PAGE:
Health chiefs still open to ideas on future of mental health services in Yarmouth and Waveney

Protest outside Carlton Court Hospital in Carlton Colville.
Organised by Bob Blizzard.

Picture: James Bass Protest outside Carlton Court Hospital in Carlton Colville. Organised by Bob Blizzard. Picture: James Bass

Adam Gretton Health correspondent adam.gretton@archant.co.uk
Friday, July 25, 2014
6:30 AM

Health commissioners said they were still open to new ideas to shape the future of mental health services in Great Yarmouth and Waveney, three months after a consultation into bed cuts ended.

To send a link to this page to a friend, you must be logged in.

Officials from the Clinical Commissioning Group (CCG) yesterday said that no decision had been made on Norfolk and Suffolk NHS Foundation Trust’s (NSFT) proposals to reduce acute and older people’s beds in the area.

Members of HealthEast’s governing body were told that more than 1,000 responses to a three month public consultation were still being analysed and that formal recommendations for mental health services in Yarmouth and Waveney would be put before a CCG meeting at the end of September.

Eighty percent of respondents were against a plan to reduce the number of acute beds at Northgate Hospital in Yarmouth and Carlton Court, near Lowestoft, from 28 to 20 and relocate onto one site. And 78.4pc of respondents were against the plans to close two older people’s and dementia wards at Carlton Court.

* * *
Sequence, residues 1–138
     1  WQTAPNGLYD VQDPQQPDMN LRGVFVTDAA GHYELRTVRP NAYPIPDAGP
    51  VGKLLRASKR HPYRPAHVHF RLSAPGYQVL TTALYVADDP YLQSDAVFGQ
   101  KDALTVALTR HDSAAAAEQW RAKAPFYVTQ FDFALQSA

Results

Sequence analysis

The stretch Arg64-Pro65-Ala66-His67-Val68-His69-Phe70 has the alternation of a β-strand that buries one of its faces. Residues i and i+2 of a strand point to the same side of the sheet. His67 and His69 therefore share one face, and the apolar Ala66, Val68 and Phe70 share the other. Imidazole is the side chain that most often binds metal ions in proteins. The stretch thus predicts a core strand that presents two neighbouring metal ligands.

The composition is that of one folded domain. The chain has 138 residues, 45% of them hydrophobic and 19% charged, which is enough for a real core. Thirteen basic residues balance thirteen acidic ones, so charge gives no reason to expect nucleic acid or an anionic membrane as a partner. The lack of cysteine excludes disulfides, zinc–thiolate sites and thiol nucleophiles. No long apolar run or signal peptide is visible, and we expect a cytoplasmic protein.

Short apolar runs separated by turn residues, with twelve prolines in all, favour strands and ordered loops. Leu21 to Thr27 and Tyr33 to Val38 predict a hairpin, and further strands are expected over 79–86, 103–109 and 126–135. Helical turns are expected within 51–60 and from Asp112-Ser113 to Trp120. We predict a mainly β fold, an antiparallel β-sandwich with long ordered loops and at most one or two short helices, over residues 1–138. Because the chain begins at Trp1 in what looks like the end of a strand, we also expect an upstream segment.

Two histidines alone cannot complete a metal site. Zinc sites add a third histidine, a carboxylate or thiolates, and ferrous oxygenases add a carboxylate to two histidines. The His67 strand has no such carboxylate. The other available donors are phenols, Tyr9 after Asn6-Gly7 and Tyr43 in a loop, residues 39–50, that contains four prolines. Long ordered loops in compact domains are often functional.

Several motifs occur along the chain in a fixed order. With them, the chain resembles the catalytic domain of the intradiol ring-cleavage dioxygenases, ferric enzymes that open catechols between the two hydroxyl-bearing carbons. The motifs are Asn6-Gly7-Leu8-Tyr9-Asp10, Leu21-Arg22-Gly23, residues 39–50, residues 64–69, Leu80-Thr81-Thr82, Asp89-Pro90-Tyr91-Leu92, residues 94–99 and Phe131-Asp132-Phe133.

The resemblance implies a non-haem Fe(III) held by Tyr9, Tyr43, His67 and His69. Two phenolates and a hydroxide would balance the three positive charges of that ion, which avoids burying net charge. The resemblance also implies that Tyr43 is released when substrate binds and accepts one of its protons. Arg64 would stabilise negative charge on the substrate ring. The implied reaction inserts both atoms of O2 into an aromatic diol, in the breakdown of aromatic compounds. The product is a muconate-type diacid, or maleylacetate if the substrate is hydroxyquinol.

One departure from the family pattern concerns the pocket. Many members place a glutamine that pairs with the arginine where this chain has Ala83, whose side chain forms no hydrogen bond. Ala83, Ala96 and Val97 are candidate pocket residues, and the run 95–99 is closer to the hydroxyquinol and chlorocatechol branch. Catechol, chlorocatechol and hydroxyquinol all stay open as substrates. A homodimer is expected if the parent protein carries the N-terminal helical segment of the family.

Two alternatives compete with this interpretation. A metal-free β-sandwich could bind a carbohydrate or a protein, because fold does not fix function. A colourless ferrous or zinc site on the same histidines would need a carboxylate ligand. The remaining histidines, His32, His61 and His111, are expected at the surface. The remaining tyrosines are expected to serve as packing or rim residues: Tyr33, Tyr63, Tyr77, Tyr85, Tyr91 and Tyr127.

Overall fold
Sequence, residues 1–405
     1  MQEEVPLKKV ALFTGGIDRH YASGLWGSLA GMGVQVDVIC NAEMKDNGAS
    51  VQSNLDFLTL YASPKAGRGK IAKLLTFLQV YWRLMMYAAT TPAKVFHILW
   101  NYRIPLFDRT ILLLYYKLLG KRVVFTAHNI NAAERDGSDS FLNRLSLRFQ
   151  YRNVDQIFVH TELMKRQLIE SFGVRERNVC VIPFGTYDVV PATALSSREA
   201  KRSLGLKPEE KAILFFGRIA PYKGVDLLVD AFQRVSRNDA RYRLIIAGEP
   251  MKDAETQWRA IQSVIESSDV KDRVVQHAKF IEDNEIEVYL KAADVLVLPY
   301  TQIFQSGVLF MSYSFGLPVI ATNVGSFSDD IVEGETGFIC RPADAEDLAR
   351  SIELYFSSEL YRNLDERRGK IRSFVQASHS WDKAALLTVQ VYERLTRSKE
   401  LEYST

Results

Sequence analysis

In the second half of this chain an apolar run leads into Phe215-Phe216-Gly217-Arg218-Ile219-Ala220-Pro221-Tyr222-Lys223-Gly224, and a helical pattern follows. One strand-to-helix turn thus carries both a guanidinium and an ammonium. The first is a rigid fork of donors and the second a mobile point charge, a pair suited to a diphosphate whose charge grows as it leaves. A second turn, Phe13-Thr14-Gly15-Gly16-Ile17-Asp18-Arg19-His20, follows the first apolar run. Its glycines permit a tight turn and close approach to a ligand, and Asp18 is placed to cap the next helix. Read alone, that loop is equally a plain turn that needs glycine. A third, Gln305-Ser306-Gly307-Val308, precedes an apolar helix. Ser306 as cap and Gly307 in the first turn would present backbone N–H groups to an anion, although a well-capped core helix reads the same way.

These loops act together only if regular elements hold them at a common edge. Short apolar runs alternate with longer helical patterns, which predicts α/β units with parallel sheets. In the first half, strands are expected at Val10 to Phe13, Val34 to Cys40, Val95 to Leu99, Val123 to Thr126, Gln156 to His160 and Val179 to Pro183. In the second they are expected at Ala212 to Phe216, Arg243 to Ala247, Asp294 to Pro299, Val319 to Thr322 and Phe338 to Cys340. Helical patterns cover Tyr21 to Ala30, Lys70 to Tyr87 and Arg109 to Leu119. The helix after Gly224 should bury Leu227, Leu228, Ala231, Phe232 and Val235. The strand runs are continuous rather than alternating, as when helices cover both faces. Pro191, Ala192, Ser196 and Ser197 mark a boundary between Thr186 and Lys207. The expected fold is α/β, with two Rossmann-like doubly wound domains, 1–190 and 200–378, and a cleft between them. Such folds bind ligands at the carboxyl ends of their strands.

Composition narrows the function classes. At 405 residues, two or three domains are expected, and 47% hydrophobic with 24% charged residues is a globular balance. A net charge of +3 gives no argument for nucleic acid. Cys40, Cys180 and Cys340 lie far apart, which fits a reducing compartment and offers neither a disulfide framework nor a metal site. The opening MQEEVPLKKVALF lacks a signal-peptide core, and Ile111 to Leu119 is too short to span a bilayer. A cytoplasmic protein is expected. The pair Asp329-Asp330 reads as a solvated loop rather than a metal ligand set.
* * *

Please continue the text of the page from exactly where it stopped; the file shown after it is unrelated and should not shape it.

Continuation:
Andy Evans, chief executive of HealthEast, said that around a third of patients using beds in the area were not from Yarmouth and Waveney.

“We are really keen that we spend every pound we have on the people of Great Yarmouth and Waveney. We are flexible and we are encouraging people to come forward to give us new ideas. On September 25 we will formally present our commissioning intentions for mental health, which takes into account issues raised in the consultation,” he said.

The governing body was presented with HealthEast’s answers to the public questions about NSFT’s proposals, which revealed that the consultation cost £50,000. A report added that since the creation of a Dementia Intensive Support Team (DIST) to treat people in their own homes in the area, just 14 patients have been admitted to Blickling Ward in Norwich for assessment.

Have you got a story about mental health services? Email adam.gretton@archant.co.uk

0 comments

Comments

Welcome , please leave your message below.

Optional - JPG files only
Optional - MP3 files only
Optional - 3GP, AVI, MOV, MPG or WMV files
Comments

Please log in to leave a comment and share your views with other Eastern Daily Press visitors.

We enable people to post comments with the aim of encouraging open debate.

Only people who register and sign up to our terms and conditions can post comments. These terms and conditions explain our house rules and legal guidelines.

Comments are not edited by Eastern Daily Press staff prior to publication but may be automatically filtered.

If you have a complaint about a comment please contact us by clicking on the Report This Comment button next to the comment.

Forgotten your password?

Not a member yet?

Register to create your own unique Eastern Daily Press account for free.

Signing up is free, quick and easy and offers you the chance to add comments, personalise the site with local information picked just for you, and more.

Sign up now

ADVERTISEMENT

ADVERTISEMENT

Norfolk Weather

Rain

Rain

max temp: 17°C

min temp: 14°C

Five-day forecast

loading...

ADVERTISEMENT

ADVERTISEMENT